MSU at the ADDY Awards

Over the past two years, Montana State’s art students have been making stride after stride at the American Advertising Awards. At the local state competition, held in March in Great Falls, nine gold ADDYs, 15 silvers and one Best of Show were brought back to Bozeman by MSU students.

Reminiscing about the local banquet event Newhouse said, “It’s an opportunity to walk up on stage and accept an award in front of professionals in the industry. When the awards were over and the lights came up, everyone rushed our table and congratulated the students.”

Associate professor Meta Newhouse said of the ADDYs, “We’ve made a conscious decision to encourage submissions in the ADDYs for the past five years now. I think it’s great there’s an organization that pairs student work with professional work. That makes it a unique show. They (ADDYs) encourage social connections.”

According to the event website, “The mission of the AAA competition is to recognize and reward creative excellence in the art of advertising.”

When a student is nominated by their school’s professors, he or she is entered into the local competition. In each category, only one gold and one silver are awarded. Winners move on to district competition, then national. According to Newhouse, MSU students have won at the national level three years in a row.

This year, three students have already been awarded gold ADDYs at the district level and will move on to nationals. More winners will be announced in the next few days.

Set for May 28-31, the national awards are approaching quickly. Newhouse explained, “There are different judges at each level, so if you make it all the way through to nationals you’ve already impressed six different professionals. This competition is important because it shows how a student’s work stands up at a national level.”

Colby House, with just one year left in the design program at MSU, took home a silver ADDY at the 2013 and 2014 awards. When asked to describe his project this year, House said, “I wrote, photographed and illustrated a book about the importance of butchers and butcher shops. I elaborated about how they do this trade that is slowly dying in our nation, but are usually the fulcrum of any local food system.”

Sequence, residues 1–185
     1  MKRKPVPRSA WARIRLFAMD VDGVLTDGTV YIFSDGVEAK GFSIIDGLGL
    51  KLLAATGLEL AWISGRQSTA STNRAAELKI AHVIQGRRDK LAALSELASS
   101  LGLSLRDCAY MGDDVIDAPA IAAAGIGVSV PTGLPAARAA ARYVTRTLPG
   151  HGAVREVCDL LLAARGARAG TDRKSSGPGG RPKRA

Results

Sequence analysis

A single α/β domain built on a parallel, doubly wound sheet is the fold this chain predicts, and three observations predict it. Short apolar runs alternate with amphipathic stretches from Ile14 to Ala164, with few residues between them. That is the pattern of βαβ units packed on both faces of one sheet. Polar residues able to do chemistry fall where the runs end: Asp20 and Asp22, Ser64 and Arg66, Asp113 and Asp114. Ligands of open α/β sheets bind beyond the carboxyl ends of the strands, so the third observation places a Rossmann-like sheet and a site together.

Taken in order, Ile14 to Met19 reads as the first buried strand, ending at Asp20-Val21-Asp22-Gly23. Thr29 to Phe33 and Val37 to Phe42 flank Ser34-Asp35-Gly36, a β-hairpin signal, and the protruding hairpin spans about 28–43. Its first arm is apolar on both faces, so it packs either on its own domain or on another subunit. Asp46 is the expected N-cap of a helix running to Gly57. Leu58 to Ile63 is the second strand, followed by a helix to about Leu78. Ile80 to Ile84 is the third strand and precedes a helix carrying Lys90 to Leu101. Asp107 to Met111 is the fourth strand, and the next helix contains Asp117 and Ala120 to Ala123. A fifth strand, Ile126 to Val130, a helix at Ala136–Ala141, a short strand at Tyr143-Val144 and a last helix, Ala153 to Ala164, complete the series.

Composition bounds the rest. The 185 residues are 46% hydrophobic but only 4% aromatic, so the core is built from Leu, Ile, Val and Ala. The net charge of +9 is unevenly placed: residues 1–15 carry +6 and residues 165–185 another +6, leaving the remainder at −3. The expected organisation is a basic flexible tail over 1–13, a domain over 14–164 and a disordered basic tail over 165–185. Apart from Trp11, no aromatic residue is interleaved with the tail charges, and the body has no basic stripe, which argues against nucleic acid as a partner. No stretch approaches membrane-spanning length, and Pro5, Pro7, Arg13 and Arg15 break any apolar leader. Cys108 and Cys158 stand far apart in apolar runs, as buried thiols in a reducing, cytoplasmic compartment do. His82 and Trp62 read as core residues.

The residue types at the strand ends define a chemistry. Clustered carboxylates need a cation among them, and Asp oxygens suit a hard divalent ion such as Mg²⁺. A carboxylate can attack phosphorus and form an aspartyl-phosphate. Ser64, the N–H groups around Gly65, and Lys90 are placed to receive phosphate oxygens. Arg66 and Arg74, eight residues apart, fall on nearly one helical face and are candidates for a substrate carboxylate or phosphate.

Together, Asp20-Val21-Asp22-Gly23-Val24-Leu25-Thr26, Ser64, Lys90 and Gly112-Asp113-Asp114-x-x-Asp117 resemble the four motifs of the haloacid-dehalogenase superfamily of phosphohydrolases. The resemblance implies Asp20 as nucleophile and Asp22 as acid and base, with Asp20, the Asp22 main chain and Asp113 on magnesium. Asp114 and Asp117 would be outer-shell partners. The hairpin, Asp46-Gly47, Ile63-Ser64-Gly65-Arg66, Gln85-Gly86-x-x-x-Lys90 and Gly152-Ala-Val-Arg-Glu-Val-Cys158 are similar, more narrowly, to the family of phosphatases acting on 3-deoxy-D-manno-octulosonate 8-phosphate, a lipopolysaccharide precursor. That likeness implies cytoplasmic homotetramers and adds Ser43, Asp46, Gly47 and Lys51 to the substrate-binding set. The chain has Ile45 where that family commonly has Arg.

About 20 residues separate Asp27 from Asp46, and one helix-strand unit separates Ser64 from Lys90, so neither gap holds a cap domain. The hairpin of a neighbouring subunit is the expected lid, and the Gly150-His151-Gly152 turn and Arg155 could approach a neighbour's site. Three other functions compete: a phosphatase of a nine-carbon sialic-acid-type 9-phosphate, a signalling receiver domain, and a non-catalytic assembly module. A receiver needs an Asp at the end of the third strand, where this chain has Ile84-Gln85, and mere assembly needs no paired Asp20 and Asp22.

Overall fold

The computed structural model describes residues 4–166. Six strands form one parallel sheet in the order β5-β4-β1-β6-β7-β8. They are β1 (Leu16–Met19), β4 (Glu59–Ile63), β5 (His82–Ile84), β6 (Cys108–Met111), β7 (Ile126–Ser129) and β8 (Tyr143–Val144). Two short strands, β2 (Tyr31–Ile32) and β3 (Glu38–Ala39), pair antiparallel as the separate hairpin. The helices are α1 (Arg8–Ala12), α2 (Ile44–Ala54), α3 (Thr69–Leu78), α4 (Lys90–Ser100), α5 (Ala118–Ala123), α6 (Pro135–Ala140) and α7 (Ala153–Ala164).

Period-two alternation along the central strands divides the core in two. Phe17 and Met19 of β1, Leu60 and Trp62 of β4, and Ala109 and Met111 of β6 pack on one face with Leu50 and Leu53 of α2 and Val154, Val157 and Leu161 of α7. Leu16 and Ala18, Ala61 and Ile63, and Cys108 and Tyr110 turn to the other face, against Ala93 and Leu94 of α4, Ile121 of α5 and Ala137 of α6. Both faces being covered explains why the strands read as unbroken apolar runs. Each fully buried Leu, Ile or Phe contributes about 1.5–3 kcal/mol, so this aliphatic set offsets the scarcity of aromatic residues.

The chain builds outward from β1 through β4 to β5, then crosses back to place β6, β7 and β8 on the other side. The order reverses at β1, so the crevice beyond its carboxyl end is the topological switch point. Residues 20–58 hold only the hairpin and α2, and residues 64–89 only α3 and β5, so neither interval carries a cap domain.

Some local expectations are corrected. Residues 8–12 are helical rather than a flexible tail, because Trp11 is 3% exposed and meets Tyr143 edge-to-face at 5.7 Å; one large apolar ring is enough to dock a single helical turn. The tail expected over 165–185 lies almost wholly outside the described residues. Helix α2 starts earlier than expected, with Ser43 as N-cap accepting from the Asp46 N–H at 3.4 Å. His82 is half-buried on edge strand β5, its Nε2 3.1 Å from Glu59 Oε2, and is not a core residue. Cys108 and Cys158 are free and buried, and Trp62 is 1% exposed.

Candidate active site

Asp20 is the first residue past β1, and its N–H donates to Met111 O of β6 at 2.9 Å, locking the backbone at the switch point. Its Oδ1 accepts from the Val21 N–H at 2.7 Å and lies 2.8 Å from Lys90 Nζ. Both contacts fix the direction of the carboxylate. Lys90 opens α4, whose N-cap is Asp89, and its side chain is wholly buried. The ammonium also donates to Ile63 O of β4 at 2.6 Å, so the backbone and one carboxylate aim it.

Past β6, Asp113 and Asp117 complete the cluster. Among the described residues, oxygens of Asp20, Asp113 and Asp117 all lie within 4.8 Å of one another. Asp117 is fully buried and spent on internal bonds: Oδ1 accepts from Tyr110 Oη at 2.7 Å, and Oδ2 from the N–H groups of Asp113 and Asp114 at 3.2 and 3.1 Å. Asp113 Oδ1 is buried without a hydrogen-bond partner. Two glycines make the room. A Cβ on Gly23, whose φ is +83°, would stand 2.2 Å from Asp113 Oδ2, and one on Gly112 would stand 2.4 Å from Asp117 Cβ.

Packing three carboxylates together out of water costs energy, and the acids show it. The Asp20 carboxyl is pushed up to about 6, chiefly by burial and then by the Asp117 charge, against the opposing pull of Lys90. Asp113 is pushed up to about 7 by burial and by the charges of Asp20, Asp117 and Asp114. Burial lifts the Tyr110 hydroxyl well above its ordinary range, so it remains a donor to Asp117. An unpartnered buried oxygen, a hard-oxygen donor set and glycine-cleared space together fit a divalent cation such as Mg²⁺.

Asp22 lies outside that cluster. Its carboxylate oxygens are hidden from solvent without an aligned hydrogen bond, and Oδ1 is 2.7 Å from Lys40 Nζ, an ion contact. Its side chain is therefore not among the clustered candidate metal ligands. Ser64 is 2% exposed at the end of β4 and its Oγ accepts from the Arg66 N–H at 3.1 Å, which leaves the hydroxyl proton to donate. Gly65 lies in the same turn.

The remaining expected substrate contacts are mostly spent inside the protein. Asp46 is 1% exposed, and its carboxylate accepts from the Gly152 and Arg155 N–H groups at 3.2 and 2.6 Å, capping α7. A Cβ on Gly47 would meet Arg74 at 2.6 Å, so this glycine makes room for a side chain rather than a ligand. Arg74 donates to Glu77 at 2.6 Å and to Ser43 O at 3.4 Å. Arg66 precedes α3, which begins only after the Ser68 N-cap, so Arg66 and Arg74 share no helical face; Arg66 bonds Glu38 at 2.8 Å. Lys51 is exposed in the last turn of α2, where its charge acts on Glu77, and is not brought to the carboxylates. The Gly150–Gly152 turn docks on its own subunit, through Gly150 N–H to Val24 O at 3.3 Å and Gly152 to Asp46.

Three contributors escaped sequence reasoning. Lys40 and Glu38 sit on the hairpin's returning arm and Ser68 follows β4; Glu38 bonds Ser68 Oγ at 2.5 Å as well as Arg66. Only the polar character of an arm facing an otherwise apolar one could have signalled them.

Over the past year, House has been interning and doing freelance design at Mercury SCS, a marketing firm based in Bozeman. Thinking about graduation in the next year, he said, “I’m planning on taking the best opportunity for myself.”

His achievements at the ADDYs have definitely helped his prospects. He said, “There are great opportunities for people to see your work on a larger platform, networking — great to put on the resume, and all that. All the major firms are invited.”

But wherever he ends up, he knows he’ll never get bored. “The best thing about graphic design to me is it never becomes monotonous and every opportunity and idea is a challenge unique amongst itself.”

“I think anything can be innovated not just necessarily design. There are opportunities for anyone in anything.

In her first year competing in the advertising awards, Kinsey White, a junior in the design program, brought home four awards for her two projects and is on her way to nationals. Her book, The Official Guidebook for Espresso, won gold at the local level and went on to win a silver at the district competition. Her Women Fashion Icon Poster Series won gold at both the local and district levels.

“Not only is it such an honor, but it’s impressive to have designs with awards when potential employers are looking at your portfolio. At the Addy event we got to see professional design work and we got to talk to professionals around Montana who were excited to meet us and could possibly hire us in the future,” said White.

She credits MSU’s design school for her career successes and her achievements at the ADDYs. “Each of our teachers in the design program at MSU are given four nominations. This is awesome because that not only means our teachers think our work could win awards, but the school then pays our $40 entry fee for the competition.”

When asked about her favorite thing in the design program, without hesitation she said, “My professors. They are always there for anything we need. They started from the bottom just like us and have become really successful in the graphic design industry.”

“My favorite thing about art and design are the unlimited possibilities to continue to learn and be creative. The diversity of what you can do is limitless, and I love the idea of being able to have such an enjoyable career where I get to be creative all the time,” White explained.